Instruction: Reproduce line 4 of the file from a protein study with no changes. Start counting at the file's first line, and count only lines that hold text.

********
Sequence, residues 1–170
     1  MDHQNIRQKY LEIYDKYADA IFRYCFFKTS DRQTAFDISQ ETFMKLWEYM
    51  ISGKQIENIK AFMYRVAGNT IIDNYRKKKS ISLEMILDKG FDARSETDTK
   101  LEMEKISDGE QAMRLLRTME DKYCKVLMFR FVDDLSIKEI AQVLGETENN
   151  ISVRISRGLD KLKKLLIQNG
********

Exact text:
   101  LEMEKISDGE QAMRLLRTME DKYCKVLMFR FVDDLSIKEI AQVLGETENN